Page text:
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Meet Redlands Photographer: Cameron Mackey

Today we’d like to introduce you to Cameron Mackey.

Cameron, please share your story with us. How did you get to where you are today?
I’ve always been super into films and cinematography. I spent a couple of months reading articles and watching youtube videos on how films were created and on how to use a camera. In 2012 I bought my first DSLR and was immediately comfortable with it.

Has it been a smooth road?
The majority of my photography adventure has been smooth. There was one point where I stopped shooting for 6 months because I was hearing so many negative things about the industry and morally didn’t want to be a part of it. But I couldn’t resist the urge to create art, so I picked my camera back up and haven’t put it back down!

When you look back, can you point to a period when you wanted to quit or a period that was really frustrating?
There has been one moment where I took a 6-month break from photography. It was 9 months after I first moved to LA and was feeling overwhelmed with everything. I was not only doing photography but I was also producing hip hop music and writing country music and creating content with some YouTubers. I was grateful for all the opportunity, but I was chasing too many dreams for others rather my own. I was also hearing a lot of os stories about the sketchy downsides of the industry, morally I wanted to detach myself from it all. So I did. I was younger then, though, getting lost in the hustle and bustle of all of it. In time I remembered it was my passion, art, and individuality that got me into it and that is the reason I continue to do it.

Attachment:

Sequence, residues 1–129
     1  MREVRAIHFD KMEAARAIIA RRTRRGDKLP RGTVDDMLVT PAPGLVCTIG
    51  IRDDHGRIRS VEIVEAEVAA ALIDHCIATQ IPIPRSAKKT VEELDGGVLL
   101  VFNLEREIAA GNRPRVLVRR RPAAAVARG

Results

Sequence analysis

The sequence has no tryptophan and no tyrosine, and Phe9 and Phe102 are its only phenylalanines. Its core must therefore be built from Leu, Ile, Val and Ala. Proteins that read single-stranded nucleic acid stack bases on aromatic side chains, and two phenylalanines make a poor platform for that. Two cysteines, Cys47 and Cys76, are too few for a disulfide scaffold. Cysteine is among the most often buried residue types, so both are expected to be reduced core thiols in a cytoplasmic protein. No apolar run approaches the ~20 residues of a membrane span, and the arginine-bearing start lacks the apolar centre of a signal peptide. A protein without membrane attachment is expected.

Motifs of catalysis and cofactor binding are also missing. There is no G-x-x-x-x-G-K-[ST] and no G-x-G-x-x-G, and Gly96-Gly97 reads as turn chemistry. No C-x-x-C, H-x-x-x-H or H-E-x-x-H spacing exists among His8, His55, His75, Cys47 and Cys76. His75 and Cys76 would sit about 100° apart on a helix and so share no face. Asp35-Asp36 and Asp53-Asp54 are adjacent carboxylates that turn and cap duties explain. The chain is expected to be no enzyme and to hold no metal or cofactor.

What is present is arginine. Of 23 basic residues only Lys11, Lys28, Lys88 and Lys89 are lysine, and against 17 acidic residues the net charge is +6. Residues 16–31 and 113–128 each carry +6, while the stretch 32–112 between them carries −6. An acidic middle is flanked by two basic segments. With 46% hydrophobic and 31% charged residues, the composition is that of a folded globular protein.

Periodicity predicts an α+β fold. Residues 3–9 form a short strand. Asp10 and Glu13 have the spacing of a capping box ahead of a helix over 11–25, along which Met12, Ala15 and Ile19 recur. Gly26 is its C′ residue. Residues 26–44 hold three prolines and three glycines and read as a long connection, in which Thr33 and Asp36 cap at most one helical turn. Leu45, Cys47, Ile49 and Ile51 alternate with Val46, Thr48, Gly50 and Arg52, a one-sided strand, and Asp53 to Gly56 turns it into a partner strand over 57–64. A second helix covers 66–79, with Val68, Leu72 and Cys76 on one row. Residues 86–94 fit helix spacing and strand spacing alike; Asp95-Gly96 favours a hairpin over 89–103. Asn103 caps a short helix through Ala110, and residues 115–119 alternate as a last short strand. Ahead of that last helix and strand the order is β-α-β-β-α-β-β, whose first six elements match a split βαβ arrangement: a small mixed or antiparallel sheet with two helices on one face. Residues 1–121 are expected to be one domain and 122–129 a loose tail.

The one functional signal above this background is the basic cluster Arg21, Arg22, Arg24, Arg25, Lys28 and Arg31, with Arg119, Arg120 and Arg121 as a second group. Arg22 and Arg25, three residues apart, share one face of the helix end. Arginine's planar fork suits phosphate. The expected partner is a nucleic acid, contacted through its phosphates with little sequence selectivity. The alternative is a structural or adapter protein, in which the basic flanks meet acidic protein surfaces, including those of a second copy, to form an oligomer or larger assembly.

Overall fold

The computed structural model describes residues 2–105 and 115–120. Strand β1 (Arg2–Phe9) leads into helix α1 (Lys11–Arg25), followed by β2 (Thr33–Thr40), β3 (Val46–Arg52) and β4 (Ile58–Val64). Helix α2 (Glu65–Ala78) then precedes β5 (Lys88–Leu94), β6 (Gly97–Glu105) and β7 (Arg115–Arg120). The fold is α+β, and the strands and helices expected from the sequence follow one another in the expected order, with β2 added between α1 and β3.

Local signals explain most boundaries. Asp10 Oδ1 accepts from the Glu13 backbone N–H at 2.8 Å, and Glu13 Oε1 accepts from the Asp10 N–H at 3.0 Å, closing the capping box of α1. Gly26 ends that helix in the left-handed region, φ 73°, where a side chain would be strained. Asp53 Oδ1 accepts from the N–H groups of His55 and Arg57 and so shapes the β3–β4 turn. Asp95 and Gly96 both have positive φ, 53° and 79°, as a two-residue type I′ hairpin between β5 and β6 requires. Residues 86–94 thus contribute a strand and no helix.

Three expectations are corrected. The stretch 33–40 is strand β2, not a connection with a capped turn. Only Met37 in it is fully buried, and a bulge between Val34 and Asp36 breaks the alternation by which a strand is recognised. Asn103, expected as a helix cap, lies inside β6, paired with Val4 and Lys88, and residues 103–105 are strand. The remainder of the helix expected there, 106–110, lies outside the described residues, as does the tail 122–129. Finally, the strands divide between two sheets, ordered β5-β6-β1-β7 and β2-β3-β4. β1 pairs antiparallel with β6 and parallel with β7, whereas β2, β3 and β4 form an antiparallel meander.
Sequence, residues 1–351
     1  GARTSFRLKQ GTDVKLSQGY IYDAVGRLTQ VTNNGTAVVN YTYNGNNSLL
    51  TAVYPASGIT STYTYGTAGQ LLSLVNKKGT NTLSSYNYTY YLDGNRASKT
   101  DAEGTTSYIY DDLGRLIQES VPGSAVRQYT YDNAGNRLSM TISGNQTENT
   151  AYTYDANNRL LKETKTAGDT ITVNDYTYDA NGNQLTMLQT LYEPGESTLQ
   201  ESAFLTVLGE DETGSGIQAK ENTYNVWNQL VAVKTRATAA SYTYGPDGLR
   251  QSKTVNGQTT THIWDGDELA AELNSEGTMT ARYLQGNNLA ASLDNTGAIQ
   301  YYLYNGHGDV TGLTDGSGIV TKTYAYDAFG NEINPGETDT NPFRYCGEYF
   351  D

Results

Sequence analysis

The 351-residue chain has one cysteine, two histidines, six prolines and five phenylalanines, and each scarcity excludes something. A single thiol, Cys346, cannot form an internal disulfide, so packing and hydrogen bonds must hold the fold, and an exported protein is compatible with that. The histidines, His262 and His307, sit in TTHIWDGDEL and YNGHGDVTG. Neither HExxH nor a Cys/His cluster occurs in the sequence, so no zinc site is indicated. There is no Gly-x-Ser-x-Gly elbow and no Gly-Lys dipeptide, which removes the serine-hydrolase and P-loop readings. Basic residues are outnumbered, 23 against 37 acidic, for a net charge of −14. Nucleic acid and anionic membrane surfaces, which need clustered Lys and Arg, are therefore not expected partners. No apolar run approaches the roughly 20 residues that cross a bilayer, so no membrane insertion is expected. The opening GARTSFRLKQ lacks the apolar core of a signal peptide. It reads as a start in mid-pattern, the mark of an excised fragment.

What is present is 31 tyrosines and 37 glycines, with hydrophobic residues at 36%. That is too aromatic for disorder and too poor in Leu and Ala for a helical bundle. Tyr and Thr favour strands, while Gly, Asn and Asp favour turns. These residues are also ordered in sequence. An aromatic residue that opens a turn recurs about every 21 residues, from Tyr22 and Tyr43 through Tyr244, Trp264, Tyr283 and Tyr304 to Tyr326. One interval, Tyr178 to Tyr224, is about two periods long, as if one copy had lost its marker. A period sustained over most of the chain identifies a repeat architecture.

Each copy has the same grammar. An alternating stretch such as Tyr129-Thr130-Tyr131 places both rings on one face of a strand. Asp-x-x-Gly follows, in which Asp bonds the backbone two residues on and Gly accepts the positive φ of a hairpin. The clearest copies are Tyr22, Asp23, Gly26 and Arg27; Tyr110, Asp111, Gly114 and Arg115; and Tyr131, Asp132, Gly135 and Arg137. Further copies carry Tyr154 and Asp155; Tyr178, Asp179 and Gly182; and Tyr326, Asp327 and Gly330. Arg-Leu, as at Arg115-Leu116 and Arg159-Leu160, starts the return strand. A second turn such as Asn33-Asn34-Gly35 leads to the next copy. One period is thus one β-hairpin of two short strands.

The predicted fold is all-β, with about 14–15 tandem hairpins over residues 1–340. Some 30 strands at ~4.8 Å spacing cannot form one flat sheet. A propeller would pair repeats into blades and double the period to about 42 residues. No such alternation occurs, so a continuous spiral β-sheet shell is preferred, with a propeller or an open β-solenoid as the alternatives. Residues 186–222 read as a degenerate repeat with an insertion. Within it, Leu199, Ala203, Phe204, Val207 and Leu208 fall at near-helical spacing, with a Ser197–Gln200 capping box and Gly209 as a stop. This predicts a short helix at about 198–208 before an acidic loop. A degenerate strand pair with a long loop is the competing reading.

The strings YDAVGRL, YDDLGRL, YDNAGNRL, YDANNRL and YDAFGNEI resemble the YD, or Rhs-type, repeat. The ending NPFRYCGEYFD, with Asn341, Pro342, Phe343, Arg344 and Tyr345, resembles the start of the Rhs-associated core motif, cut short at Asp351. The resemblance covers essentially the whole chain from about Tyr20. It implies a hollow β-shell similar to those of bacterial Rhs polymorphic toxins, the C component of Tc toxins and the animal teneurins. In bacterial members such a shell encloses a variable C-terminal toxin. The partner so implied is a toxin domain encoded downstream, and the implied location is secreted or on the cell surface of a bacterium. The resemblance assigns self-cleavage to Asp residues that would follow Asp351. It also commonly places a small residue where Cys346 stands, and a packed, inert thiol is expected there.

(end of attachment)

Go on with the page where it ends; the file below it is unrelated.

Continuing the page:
What advice do you wish to give to those thinking about pursuing a path similar to yours?
A lot of newcomers think they have to follow certain rules and guidelines and that if you don’t, you’re not a good photographer. You’re going to constantly have people telling you how to do things and how you shouldn’t do things, but the truth is your look can only be found by walking your own path. There’s tons of sources out there talking about “don’t shoot with these settings”, “hard shadows are bad” “only shoot during certain times of the day”, “only use this angle for this shot” on and on… my best work has been shot in direct light in the middle of the day in the oddest angles. Point is, break the rules. This is art, not science. If you create visually moving emotional images, no one is going to care about the megapixels and iso and “proper” light use.

What are you looking forward to?
I’m excited about further developing my eye. Not just on creating one unique look, but the adventure of constantly developing myself and the process of looks that I’ll pass through.

Contact Info:

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